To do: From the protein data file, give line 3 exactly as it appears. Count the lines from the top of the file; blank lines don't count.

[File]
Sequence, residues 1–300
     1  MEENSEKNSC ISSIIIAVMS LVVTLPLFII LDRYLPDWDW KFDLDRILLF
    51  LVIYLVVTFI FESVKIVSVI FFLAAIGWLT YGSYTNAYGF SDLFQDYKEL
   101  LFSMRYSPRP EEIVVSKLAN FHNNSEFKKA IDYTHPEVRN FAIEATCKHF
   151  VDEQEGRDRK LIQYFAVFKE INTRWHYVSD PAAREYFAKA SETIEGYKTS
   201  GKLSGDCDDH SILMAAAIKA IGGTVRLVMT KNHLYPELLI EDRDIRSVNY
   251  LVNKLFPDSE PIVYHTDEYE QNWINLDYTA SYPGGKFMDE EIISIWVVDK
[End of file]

    51  LVIYLVVTFI FESVKIVSVI FFLAAIGWLT YGSYTNAYGF SDLFQDYKEL